R5 Greta: Betrayal, part 3 of 3

Jodel and Yanda talked wedding and had the first of what would one day be called counseling sessions.  Then Greta went to see Jodel’s father.  He had figured it out, as anyone with any insight at all could, and he happily accompanied Greta back to town to see Yanda’s father.  Yanda’s father, however, became a different matter.  He seemed fine with the wedding, but Greta thought his haggling about the dowry would drive her crazy.  In the end, they had to leave some things to be decided later. All seemed well, until he surprised her as she prepared to leave.

“I assume you will be at the meeting tomorrow.”

“Meeting?” Greta asked.  She knew at once, but she needed to hear it out loud.

“The elder’s meeting,” Yanda’s father said.  “Lady Brunhild says she has been sent by her son to speak for her son on important matters.”

Greta turned red with anger.  Even her freckles could not hide the emotion, but she spoke in a very soft and controlled tone of voice.  “There will be no rebellion,” she said.  She knew exactly what Lady Brunhild would be promoting.

“Do you really think that is what it is?” Jodel’s father asked.

Yanda’s father spoke.  “Some say it is so we can hear Kunther’s views on the land distribution.  Some say it is so he can begin building our force to defend the border.”

Greta stood up and the men stood with her.  “At high noon?” she asked on a whim.  Nameless might not like clichés, but there was a reason such things became clichés in the first place.

“Yes,” Yanda’s father confirmed.  “I thought you knew.”

Greta’s mind had been too busy dealing with poison and the aftermath.  She should have known.  She should have surmised.  “Rebellion will simply get us slaughtered with nothing gained,” she said.

The two men looked at each other.  They were elder elders who remembered the last rebellion.  Clearly, they agreed with her.

“There will be no rebellion,” Greta said through gritted teeth.  She left, but the joy of the day had all gone.  By bedtime she felt beaten back down to reality.  Even worse, her right leg throbbed, and she could not imagine what she might have done to strain it.

She slept fitfully, woke early and tried hard to think things through.  Her leg still hurt, so she had to limp her way outside. She believed that on her own she was no match for the witch, and clearly the word “witch” described Lady Brunhild. Perhaps she gave more credit than due, but the woman seemed a first-class witch and Greta decided not to underestimate her.  Nameless would not help her.  He was not authorized, and neither, apparently, were Salacia or Danna.  She sought out the others.  Bodanagus felt distant.  Ali, the life she lived right before her own, felt unsearchable.  Even Festuscato and Gerraint with whom she began to feel very close, seemed aloof.  Only one thing came through to her with crystal clarity, and it seemed to come from the Storyteller, the Princess, Diogenes and Doctor Mishka speaking with one voice in her mind.  This was Greta’s life.  There might be times when an intervention through time became warranted, but mostly Greta had to make her own way in her own life, and, as Gerraint underlined, fight her own battles.  Too bad, because Greta felt certain that on her own, she would lose.  She asked the Most-High God in Heaven to watch over her. She couldn’t die yet.  There were still guns somewhere that she had to locate and dismantle.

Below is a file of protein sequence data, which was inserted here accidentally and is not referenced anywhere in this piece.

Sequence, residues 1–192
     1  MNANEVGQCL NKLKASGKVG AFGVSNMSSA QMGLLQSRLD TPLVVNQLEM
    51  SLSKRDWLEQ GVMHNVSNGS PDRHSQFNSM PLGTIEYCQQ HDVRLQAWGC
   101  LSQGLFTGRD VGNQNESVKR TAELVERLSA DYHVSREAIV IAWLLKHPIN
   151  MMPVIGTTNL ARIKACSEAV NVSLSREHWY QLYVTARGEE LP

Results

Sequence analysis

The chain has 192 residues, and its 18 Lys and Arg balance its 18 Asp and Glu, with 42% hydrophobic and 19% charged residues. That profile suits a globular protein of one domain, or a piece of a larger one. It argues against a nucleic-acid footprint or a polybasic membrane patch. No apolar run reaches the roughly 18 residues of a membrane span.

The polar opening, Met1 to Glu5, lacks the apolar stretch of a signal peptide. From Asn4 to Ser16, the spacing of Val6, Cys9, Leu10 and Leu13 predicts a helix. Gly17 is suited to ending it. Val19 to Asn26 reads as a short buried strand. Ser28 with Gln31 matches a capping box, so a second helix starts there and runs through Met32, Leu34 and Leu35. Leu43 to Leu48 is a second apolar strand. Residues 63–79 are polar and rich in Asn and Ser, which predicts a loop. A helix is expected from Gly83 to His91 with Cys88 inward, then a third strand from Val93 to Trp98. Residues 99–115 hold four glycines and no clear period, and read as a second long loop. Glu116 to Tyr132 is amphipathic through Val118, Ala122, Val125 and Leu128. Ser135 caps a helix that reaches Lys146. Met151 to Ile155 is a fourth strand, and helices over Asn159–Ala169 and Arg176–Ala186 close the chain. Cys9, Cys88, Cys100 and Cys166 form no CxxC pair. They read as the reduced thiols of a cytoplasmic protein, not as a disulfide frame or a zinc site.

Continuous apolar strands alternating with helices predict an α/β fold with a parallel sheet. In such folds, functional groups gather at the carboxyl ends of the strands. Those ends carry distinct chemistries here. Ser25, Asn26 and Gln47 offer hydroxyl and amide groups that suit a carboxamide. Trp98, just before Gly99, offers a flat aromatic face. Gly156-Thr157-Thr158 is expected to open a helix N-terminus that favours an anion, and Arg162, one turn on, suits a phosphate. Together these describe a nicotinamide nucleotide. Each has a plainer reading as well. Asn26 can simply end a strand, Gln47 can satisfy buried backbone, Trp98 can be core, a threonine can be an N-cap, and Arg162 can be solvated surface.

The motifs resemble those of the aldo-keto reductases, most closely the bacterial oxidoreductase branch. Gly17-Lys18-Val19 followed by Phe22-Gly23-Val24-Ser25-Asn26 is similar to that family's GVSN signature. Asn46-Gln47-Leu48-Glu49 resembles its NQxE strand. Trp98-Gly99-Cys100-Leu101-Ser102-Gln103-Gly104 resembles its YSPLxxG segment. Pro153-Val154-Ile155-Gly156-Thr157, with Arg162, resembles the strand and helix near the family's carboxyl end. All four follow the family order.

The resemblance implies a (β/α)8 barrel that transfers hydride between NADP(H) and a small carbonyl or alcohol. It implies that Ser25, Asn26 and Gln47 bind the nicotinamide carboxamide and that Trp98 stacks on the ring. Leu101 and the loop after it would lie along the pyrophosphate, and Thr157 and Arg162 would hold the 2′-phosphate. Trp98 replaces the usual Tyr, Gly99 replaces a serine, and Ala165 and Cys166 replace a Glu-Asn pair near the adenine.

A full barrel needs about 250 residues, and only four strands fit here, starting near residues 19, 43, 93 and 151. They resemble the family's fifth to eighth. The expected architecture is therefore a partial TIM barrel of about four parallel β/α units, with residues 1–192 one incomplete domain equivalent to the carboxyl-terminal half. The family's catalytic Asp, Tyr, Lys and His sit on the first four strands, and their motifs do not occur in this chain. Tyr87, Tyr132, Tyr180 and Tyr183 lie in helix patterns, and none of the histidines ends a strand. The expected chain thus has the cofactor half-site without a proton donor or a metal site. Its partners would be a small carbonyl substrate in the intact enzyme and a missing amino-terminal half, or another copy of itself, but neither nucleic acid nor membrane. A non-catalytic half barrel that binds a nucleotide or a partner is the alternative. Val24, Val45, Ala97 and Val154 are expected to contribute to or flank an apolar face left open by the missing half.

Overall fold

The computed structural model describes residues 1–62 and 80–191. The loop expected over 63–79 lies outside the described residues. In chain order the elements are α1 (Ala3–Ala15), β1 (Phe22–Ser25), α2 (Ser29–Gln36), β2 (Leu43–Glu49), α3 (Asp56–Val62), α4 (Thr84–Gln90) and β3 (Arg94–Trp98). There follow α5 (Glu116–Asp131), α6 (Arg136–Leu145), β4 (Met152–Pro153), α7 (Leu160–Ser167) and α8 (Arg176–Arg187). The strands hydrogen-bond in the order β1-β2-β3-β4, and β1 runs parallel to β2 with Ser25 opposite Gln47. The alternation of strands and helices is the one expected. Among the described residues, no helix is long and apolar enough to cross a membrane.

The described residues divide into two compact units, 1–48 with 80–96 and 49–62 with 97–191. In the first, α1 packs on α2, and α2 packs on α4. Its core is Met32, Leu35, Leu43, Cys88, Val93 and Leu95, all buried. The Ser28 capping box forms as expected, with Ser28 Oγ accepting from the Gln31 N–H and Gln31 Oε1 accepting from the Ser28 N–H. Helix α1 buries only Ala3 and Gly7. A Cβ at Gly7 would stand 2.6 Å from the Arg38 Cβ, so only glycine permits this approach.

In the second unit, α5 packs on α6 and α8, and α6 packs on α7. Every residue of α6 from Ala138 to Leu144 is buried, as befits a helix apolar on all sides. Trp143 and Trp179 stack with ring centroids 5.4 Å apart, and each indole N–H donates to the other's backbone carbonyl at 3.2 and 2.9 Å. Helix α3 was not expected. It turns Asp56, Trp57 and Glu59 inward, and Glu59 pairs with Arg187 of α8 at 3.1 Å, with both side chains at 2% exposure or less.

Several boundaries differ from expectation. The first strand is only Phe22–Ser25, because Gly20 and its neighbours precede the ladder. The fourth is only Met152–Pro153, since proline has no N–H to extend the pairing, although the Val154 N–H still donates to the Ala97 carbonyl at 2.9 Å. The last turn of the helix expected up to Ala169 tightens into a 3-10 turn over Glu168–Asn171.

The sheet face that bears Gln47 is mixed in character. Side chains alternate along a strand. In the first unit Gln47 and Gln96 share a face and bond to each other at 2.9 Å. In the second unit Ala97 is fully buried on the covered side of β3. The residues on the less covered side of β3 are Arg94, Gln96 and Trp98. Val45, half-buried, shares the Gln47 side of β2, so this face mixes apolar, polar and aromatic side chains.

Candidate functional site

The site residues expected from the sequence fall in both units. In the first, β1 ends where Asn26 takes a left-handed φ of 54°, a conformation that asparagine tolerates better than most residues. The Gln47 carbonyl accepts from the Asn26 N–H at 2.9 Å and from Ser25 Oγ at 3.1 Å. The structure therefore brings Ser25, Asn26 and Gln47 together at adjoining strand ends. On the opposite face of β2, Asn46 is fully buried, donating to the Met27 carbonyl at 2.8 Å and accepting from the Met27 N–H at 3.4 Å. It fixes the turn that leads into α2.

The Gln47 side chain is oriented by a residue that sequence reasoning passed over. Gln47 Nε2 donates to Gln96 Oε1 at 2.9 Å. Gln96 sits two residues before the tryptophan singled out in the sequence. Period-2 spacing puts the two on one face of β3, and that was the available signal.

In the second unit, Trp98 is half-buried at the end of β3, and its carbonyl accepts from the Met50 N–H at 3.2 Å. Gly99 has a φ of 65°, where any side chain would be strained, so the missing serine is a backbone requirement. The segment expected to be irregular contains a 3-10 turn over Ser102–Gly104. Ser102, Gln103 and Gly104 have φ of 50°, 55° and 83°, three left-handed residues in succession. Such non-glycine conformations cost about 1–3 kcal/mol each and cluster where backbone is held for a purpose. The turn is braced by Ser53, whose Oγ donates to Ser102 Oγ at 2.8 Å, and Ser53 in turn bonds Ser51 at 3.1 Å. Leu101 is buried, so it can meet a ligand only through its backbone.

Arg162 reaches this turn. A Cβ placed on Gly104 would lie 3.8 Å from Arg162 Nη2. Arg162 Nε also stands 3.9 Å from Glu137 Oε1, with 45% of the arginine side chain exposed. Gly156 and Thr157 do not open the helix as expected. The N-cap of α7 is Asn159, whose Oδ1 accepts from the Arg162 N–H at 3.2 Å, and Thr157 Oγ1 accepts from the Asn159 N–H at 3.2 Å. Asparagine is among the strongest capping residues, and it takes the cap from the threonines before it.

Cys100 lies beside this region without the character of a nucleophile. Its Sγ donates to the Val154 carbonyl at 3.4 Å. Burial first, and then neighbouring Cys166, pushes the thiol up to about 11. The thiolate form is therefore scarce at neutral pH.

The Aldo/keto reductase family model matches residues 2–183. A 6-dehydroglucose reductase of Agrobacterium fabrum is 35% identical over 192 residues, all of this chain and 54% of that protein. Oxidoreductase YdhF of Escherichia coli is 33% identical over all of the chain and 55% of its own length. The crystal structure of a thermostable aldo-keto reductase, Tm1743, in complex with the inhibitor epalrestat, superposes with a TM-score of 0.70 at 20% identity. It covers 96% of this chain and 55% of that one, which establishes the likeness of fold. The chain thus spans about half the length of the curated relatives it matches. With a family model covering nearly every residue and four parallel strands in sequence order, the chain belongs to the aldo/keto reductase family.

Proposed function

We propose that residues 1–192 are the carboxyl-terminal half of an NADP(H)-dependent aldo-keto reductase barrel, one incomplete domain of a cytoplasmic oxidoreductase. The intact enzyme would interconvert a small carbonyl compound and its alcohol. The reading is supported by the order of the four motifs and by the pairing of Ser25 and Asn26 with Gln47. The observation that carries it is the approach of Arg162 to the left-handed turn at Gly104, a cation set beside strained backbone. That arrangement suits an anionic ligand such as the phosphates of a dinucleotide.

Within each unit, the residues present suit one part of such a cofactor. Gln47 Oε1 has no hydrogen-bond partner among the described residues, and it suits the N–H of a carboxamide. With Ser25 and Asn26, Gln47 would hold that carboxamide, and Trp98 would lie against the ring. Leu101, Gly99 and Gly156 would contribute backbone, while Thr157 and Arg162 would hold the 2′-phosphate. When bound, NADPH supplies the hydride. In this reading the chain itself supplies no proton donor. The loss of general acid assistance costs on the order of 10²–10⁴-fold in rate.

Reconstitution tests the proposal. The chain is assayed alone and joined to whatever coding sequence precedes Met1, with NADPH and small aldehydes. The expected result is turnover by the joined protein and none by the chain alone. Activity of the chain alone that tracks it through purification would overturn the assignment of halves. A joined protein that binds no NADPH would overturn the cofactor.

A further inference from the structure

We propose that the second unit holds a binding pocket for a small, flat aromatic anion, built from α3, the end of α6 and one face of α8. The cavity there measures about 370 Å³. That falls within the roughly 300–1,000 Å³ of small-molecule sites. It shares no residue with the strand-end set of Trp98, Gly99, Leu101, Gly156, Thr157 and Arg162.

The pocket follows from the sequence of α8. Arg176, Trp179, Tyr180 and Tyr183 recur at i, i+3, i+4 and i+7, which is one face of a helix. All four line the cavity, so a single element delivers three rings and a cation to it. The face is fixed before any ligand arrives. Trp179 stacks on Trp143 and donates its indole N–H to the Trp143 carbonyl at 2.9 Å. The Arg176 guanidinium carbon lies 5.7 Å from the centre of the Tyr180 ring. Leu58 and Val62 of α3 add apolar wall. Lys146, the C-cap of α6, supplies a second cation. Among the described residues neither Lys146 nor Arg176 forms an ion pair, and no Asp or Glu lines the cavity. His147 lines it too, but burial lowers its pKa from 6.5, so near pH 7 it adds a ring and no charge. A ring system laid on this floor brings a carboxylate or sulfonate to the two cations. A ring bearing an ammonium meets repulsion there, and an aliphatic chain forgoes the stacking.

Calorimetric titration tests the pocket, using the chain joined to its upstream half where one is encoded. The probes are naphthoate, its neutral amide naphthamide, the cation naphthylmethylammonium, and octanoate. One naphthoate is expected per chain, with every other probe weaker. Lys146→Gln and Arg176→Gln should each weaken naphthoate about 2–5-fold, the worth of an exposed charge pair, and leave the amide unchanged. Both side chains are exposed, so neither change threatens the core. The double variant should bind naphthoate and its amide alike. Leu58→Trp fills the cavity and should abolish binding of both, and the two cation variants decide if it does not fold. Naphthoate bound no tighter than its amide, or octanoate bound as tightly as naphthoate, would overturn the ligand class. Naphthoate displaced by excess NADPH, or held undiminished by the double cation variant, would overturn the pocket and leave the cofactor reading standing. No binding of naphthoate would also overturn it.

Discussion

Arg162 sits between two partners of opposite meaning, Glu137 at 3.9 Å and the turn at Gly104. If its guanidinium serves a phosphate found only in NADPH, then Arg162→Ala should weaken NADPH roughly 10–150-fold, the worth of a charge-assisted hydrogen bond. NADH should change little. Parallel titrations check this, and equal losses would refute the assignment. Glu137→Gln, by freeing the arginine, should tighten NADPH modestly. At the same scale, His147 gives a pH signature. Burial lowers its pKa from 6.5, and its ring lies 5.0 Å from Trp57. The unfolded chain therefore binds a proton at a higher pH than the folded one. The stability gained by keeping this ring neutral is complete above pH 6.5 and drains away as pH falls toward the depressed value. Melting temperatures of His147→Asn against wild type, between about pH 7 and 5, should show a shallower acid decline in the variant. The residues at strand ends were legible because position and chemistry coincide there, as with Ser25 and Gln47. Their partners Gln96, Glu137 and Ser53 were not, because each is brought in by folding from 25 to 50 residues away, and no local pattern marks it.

Greta spent the better part of the morning stinking up the kitchen.  She made a sleep potion, a healing balm with some antiseptic qualities, a strong inhibitor which could cloud the mind for a time, a hemp based uninhibitor, which could act something like a truth serum, and some pain killer.  She had no idea what she might need, if anything.  Mama’s only comment was she now understood why Mother Hulda built her house so far away from the village.  Greta smiled, briefly, but it hardly seemed a joking matter.  The time for the meeting had arrived.

Greta had her red cloak on and pulled her hood up to hide her face and hair.  She did her best to blend in with the men, who entered the council room, and she sat in the back where she hoped she would not be noticed. Lady Brunhild had not arrived, yet. No surprise.  Greta imagined the woman planned some grand entrance after everyone else got there.

Yanda’s father came up and sat beside Greta on one side.  Jodel’s father sat on the other side.  They must have talked.  The men who visited her home the other morning sat in front of them.  It felt like an honor guard and clearly some protection to be sure she did not get hurt.  She felt grateful.

Sure enough, when the small talk had been going on for a time, Lady Brunhild, the priest, and some of the lady’s escort came in loudly, drawing everyone’s attention. The priest helped the lady into the seat that faced the collected elders.  The young men were dressed for war.  The priest immediately said an invocation to begin the meeting.  He called on Zalmoxis, the Alfader, the god Sabazios of the horse, and the goddess Bendi of the Hunt.  He praised Sylvanus, Lord of the ancient forest, and bowed to all the Lords of Olympus.  Last, he called on the Nameless One whose right hand is the fist of battle and whose left hand is the open palm of peace.  He asked for peace in the deliberations, but hinted strongly that they were going to talk about the fist of war.  Greta smiled broadly at the description of Nameless, no doubt prompted through time.  Shut-up, she told herself.  She tried to focus.